Even the landscapes on screen drive home the point that nature untouched by man is lush, radiant and magnificently beautiful. Towards the end, the Stonehenge is depicted in all her pagan mysterious beauty, and my heart skipped a beat. It's a place I long to visit... The history that surrounds those gigantic stone pillars is intriguing to say the least. The Stonehenge, a circular assembly of gigantic stone pillars has been around for centuries with many theories and assumptions about their origin running strife. Nobody really knows how these stones were erected. An amazing feat of strength, mechanical or otherwise would be required to transport the stone blocks and place them over the erected pillars. And in this case it is the otherwise which remains extremely fascinating, cause there is no way those ancient people handled heavy machinery of any kind. So the question still remains, how did they manage to transport the blocks across a wide expanse of land and how did they erect it and go about placing huge boulders over the erected pillars. Someday I shall see them in person... But seeing them here in the movie was such a thrill.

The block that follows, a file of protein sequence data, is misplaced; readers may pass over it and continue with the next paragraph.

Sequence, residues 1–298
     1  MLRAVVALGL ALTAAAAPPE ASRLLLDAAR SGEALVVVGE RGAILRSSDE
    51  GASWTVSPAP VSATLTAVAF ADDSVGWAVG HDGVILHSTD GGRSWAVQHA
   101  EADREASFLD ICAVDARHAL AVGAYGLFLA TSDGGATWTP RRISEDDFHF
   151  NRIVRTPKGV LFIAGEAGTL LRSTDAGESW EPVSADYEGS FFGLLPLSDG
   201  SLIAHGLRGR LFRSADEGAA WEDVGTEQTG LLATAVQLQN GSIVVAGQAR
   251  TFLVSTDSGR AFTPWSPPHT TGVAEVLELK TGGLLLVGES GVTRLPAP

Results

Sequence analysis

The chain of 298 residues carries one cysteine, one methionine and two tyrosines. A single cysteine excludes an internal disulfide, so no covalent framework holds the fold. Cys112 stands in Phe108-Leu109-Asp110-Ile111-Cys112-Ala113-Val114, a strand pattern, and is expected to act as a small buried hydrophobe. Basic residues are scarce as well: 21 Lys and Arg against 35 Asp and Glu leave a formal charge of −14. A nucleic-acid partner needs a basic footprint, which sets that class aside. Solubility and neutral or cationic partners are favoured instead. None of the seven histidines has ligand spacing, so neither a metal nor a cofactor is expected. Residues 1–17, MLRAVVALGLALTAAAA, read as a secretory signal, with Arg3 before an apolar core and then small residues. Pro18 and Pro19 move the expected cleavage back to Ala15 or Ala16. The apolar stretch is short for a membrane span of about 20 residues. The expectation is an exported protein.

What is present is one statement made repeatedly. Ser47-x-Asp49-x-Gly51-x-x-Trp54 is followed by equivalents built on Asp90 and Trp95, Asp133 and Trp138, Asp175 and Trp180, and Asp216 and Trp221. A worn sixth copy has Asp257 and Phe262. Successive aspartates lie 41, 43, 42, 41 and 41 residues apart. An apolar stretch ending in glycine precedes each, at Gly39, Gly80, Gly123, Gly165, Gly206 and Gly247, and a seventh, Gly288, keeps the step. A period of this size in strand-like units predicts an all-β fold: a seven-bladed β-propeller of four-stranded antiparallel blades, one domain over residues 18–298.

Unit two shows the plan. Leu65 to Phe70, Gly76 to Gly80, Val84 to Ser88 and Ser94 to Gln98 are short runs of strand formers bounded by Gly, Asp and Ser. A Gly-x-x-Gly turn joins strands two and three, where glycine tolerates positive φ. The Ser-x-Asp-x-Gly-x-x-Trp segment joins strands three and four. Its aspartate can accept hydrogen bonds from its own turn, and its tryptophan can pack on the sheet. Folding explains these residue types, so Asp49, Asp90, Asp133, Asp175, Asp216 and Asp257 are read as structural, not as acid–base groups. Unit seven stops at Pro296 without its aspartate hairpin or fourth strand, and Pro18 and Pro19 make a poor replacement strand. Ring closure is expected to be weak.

This movie is a visual treat, it invokes a deep protective feeling that makes you want to snatch Tess out of the hands of those worthless, deceitful and hypocritical people. You yearn to restore her dignity and self-worth, to instill that pure childlike nature of trusting, hoping and dreaming in a life... that is not bound by strict values of a Victorian morality, but a life that finds peace of mind, body and soul in recognising your own worth and realising that it wasn't you... that it has never been you, but the others who ought to change their cruel natures instead of breaking the beautiful wings, your mind soars on.
The beautiful and vulnerable Tess is played to perfection by Gemma Arterton, she brings Tess to life with her charm, innocence and spirit. Her perfect diction and lilting voice is captivating, makes you wish you could speak like her. The men don't require a mention, nobody stood out... or maybe they did with their pitiful natures that you tend to loathe them. In which case, the casting should be praised cause every single person nailed their part. Like nature, religion is also a major element here and not surprisingly, it too contributes to the misery and self-righteous judgement heaped on poor virtuous Tess. All in all an engrossing Victorian tragedy with many allegories that ring true in today's world.